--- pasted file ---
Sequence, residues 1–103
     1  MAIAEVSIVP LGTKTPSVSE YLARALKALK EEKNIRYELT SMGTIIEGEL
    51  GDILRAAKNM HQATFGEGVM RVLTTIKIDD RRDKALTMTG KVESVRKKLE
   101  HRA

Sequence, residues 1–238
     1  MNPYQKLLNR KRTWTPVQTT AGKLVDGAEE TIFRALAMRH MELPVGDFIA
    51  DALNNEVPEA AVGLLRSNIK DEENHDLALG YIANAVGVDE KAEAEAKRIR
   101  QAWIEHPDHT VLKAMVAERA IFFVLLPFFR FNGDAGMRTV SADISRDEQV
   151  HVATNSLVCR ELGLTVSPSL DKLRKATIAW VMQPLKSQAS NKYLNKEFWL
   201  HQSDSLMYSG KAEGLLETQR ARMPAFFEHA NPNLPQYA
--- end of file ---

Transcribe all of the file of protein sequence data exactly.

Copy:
Sequence, residues 1–103
     1  MAIAEVSIVP LGTKTPSVSE YLARALKALK EEKNIRYELT SMGTIIEGEL
    51  GDILRAAKNM HQATFGEGVM RVLTTIKIDD RRDKALTMTG KVESVRKKLE
   101  HRA

Sequence, residues 1–238
     1  MNPYQKLLNR KRTWTPVQTT AGKLVDGAEE TIFRALAMRH MELPVGDFIA
    51  DALNNEVPEA AVGLLRSNIK DEENHDLALG YIANAVGVDE KAEAEAKRIR
   101  QAWIEHPDHT VLKAMVAERA IFFVLLPFFR FNGDAGMRTV SADISRDEQV
   151  HVATNSLVCR ELGLTVSPSL DKLRKATIAW VMQPLKSQAS NKYLNKEFWL
   201  HQSDSLMYSG KAEGLLETQR ARMPAFFEHA NPNLPQYA